Competition winner Lisa Enroth.

More than 12,000 candidates from 45 countries applied to watch the festival's films in almost near isolation on an island 400 kilometres (250 miles) from Stockholm.

The prize is a week viewing as many of the festival's 70 premieres as they like in a hotel in the former Pater Noster Lighthouse. But they will be in isolation and will have no access to their own computer or laptop.

READ ALSO: Decision on stricter restrictions for foreign travellers to be made quickly

The bright-red lighthouse, built on a tiny island off Sweden's west coast in 1868, is surrounded by a scattering of squat, red buildings originally built to house the lighthouse keeper's family. It can only be reached by boat or helicopter, depending on the weather.

After a series of interviews and tests, festival organisers chose emergency nurse and film buff Lisa Enroth for the prize, in keeping with the 2021 festival's theme, Social Distances.

Before boarding a small speedboat out to the island on the clear, chill winter's morning, Enroth said she had applied not only out of her love for the cinema, but also to seek respite from her hectic work as an emergency nurse during the pandemic.

“It has been hectic, so it's a nice opportunity just to be able to land and to reflect over the year,” she said.

Months working amid Covid crisis

Sweden, which has taken a light-touch approach to the pandemic compared to its neighbours, has been facing a stronger than expected second wave of the virus. So far, more than 11,500 people have died from Covid-19 across the country.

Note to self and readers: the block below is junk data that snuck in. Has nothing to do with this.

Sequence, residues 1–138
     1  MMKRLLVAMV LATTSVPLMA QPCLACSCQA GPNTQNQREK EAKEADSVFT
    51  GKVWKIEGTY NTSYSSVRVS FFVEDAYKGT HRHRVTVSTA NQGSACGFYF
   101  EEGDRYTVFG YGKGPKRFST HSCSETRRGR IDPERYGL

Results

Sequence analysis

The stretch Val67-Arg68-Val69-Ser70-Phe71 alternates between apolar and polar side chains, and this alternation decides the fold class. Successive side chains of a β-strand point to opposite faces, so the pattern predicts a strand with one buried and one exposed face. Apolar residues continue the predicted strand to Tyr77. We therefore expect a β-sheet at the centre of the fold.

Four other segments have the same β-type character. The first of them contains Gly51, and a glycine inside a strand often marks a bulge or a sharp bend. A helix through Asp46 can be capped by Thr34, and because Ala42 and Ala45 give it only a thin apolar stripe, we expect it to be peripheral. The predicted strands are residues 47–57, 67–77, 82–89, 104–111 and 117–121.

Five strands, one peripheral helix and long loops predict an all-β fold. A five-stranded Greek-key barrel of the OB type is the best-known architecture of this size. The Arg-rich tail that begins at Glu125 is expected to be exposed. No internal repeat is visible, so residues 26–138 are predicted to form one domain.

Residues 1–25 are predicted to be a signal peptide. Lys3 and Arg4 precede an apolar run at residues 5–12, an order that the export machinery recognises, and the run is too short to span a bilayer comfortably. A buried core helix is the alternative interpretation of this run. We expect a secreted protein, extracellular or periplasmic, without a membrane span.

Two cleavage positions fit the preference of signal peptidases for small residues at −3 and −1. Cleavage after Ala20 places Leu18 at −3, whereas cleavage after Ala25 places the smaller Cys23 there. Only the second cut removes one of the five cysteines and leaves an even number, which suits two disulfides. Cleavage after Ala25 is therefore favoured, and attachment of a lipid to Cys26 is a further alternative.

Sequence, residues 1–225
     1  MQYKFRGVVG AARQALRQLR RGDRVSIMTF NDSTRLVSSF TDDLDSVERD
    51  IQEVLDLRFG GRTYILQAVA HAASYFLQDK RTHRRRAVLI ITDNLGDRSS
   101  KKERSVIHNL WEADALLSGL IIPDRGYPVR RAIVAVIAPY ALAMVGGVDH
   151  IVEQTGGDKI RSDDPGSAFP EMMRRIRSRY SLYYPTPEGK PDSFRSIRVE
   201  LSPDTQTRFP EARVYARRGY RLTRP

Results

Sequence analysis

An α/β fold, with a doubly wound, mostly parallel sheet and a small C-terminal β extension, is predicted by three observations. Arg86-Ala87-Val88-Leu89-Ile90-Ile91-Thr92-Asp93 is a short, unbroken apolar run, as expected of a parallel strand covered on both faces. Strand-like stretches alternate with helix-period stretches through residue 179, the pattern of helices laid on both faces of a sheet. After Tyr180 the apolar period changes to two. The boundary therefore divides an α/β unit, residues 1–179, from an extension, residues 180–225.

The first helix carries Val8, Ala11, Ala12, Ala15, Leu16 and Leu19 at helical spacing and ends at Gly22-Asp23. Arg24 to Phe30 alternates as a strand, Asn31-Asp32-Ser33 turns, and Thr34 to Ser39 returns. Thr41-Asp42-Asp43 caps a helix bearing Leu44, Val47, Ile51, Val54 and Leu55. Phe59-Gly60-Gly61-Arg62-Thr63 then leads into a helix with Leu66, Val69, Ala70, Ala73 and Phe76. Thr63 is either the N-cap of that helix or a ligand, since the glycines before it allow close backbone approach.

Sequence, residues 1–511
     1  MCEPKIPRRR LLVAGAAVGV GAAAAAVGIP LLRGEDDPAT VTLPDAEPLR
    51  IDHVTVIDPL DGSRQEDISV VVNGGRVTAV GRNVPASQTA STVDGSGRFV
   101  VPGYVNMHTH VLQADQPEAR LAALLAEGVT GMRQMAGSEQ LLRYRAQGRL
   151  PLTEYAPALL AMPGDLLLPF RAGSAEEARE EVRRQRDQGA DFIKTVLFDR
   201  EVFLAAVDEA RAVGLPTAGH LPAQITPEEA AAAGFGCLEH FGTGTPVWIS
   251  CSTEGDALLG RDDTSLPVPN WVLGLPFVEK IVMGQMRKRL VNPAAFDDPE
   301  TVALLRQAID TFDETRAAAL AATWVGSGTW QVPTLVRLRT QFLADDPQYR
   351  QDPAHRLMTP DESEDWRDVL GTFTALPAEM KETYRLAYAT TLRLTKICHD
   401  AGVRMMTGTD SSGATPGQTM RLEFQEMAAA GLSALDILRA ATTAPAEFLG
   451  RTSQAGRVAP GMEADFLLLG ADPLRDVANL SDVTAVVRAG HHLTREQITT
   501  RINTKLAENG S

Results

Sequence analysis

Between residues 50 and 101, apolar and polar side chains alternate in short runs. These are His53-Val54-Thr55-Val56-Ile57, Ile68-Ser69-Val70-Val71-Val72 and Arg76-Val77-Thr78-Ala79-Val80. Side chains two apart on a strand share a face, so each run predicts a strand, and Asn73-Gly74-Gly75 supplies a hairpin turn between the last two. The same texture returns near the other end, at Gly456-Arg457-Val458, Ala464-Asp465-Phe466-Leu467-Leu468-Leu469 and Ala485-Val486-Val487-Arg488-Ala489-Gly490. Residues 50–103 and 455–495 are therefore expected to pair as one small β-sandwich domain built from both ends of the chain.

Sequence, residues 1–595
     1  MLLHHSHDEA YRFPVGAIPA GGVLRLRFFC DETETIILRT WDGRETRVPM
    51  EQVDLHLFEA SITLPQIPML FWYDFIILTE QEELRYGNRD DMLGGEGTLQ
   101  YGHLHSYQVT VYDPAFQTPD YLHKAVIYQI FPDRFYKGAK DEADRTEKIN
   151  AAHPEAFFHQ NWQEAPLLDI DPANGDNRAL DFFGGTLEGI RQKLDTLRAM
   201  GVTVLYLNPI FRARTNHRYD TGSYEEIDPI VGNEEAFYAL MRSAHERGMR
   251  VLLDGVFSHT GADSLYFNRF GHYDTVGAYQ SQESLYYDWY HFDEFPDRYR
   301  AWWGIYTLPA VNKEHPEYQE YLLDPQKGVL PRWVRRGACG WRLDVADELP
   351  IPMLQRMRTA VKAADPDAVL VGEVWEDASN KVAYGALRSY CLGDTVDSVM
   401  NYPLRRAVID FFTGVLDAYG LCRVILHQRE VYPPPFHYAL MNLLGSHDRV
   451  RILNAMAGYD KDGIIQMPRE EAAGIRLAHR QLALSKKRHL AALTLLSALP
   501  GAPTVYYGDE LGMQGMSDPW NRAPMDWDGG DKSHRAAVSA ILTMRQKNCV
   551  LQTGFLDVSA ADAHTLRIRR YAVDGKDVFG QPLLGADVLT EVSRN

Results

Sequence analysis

Enroth works in the emergency ward of a hospital in Skovde in central Sweden. Since the start of the pandemic, her hospital's work caring for virus patients on top of their regular workload has been intense.

Lisa Enroth on her way to the remote festival location. Photo: AFP

“We had a lot of Covid cases during this year and every patient that has been admitted to the hospital has been passing through the emergency ward,” she told journalists.

The organisers said they were surprised by the numbers of applicants for the prize but were confident they had chosen the right candidate — not only for her love of cinema.

“She has also dedicated this past year in the frontline against the Covid-19 pandemic,” the festival's creative director Jonas Holmberg said to AFP.

“That's also one of the reasons we chose her”. 

Isolated screenings

Boarding the boat dressed in a thick survival suit, Enroth sped over the calm, icy waters, jumping off in the island's tiny harbour and disappearing into her lodgings.

A screen has been set up in the lantern room at the top of the windswept island's lighthouse, offering a 360-degree view of the sea and coastline around.

Another wide screen has been set up in one of the island's buildings.

Enroth will also have a tablet and headphones if she wants to watch films elsewhere on the island, which measures just 250 metres by 150 metres.

With only one other person staying permanently on the island — a safety precaution — Enroth's only contact with the outside world will be through her video diary about the films she has viewed.

The festival's films will be shown online and two venues in Gothenburg itself will allow screenings for just one person at a time.

Holmberg, the festival's creative director, said he hoped events like these would maintain interest in the industry at a time when many screens are closed because of pandemic restrictions.

“We are longing so much to come back to the cinemas and in the meantime we have to be creative and do the things that we can to create discussion,” he told journalists.